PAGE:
According to proponents of this idea, whenever there is an apparent conflict between the conclusions of the scientist and the conclusions of the theologian—especially with regard to such questions as the origin of the Universe, the solar system, plant life, animal life, and man—it is the theologian who must rethink his interpretation of Scripture in such a way as to bring the Bible into harmony with the scientists’ consensus. Since “the Bible is not a textbook on science,” and since these problems overlap the territory in which science alone must give us detailed and authoritative answers, the theologian is the one who should “correct” his views. It is held that this is necessarily the case because if a grammatical/historical interpretation of any biblical account should lead the Bible student to adopt conclusions that are contrary to the prevailing views of trained scientists concerning the origin and nature of the material Universe, then that Bible student would be guilty of making God a deceiver of mankind in these vitally important matters. But a God of Truth cannot lie (Titus 1:2; Hebrews 6:18). Therefore, so the argument goes, the Bible account must be “interpreted” in such a manner as to bring it into full agreement with the generally accepted views of contemporary scientists.

There is a variety of ways by which advocates of the Double Revelation Theory hope to accomplish this highly unusual dichotomy. If one is speaking of Genesis 1-11, for example, these chapters are not to be viewed as literal or historical. Instead, they must be viewed as “mythical” or “allegorical.” The Bible, so we are told, is intended to provide answers to important “spiritual questions” such as “Who?” or “Why?” Scientists, on the other hand, must provide the answers to important questions such as “When?” and “How?”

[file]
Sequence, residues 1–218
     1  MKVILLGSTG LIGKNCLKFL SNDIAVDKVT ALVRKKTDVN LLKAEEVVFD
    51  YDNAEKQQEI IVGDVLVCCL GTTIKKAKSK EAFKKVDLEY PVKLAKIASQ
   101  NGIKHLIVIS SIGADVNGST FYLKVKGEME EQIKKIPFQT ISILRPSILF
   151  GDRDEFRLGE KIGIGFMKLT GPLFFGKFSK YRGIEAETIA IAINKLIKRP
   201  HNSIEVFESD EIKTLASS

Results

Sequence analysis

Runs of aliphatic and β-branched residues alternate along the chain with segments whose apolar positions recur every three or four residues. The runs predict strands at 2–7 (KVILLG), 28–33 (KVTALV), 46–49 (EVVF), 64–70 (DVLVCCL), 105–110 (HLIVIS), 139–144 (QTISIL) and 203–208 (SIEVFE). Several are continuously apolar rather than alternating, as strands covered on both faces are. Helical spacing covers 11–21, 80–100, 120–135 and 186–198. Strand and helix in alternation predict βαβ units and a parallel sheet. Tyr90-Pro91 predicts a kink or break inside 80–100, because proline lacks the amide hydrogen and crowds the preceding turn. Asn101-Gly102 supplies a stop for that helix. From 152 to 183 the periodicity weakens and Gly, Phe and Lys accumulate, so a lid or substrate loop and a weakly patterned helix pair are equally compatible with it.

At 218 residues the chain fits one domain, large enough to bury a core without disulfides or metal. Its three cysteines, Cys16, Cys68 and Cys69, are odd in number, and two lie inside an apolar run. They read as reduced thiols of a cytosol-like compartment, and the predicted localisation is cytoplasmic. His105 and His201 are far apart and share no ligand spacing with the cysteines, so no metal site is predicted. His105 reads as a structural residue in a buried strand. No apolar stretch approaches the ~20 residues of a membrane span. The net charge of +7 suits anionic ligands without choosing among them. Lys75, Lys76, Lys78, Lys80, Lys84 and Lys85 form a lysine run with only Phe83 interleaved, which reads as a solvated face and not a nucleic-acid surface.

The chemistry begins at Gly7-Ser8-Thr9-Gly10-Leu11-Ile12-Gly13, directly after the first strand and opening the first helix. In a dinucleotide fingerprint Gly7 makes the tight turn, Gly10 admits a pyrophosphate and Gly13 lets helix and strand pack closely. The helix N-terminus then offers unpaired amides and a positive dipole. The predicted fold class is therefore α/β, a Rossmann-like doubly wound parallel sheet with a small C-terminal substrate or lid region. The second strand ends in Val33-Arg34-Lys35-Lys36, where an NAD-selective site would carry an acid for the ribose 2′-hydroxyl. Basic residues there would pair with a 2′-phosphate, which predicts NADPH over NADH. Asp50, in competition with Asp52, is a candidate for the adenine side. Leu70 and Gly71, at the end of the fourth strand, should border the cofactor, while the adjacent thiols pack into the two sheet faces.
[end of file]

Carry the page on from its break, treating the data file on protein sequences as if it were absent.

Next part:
It is not difficult to document examples revealing the popularity of the Double Revelation Theory. In fact, John Whitcomb devoted an entire appendix in one of his books to listing proponents of the Double Revelation Theory (1978, pp. 163-165), and currently there are many more names that could be added to his list. For example, on June 13, 1986, Henry Morris (creationist and then-president of the Institute for Creation Research) and Lewis Mammel (theist, but anti-creationist and researcher at AT&T Bell Research Laboratories) debated the subject of the age of the Earth. During the closing moments of the debate, in response to a question from the audience, Dr. Mammel stated, in speaking about Christians and creationists, “I think they would be able to adjust their interpretation to agree with what we see in the natural world. I think it’s a mistake to elevate doctrine above our reason and the evidence of our senses” (see Mammel and Morris, 1986, emp. added).

There are others, of course, who agree with Dr. Mammel in this approach. Davis A. Young, as a professor of geology at Calvin College, advocated similar views. In his book, Creation and the Flood, he acknowledged that the literal-day interpretation of the Genesis account of creation is “the obvious view,” and that the Bible teaches a universal Flood. Nevertheless, he felt compelled to reject (and did reject!) these teachings of Scripture because “geology” (i.e., geology as interpreted through an evolutionary framework) has “disproved” them (1977, pp. 44,172). In his book, Christianity and the Age of the Earth, Dr. Young stated:

The Bible is indeed the infallible, inerrant Word of God. It is absolutely true in matters of science and history as much as in matters of salvation and religion. But nature is also from God, and nature would lead us to believe that the Earth is extremely old. Scientific investigation of the world God gave us is an exciting enterprise that God would have us engage in. We do not need the flight-from-reality science of creationism (1982, p. 163).